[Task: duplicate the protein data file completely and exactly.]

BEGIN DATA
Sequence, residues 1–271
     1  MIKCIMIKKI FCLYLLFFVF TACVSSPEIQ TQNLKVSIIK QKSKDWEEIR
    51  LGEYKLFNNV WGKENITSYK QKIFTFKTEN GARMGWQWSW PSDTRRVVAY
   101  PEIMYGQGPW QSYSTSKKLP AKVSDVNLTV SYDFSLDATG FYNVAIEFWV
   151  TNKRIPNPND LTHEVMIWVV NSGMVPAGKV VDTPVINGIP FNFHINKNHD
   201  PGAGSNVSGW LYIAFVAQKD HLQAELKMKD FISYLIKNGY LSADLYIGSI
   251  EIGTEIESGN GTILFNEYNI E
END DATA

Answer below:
Sequence, residues 1–271
     1  MIKCIMIKKI FCLYLLFFVF TACVSSPEIQ TQNLKVSIIK QKSKDWEEIR
    51  LGEYKLFNNV WGKENITSYK QKIFTFKTEN GARMGWQWSW PSDTRRVVAY
   101  PEIMYGQGPW QSYSTSKKLP AKVSDVNLTV SYDFSLDATG FYNVAIEFWV
   151  TNKRIPNPND LTHEVMIWVV NSGMVPAGKV VDTPVINGIP FNFHINKNHD
   201  PGAGSNVSGW LYIAFVAQKD HLQAELKMKD FISYLIKNGY LSADLYIGSI
   251  EIGTEIESGN GTILFNEYNI E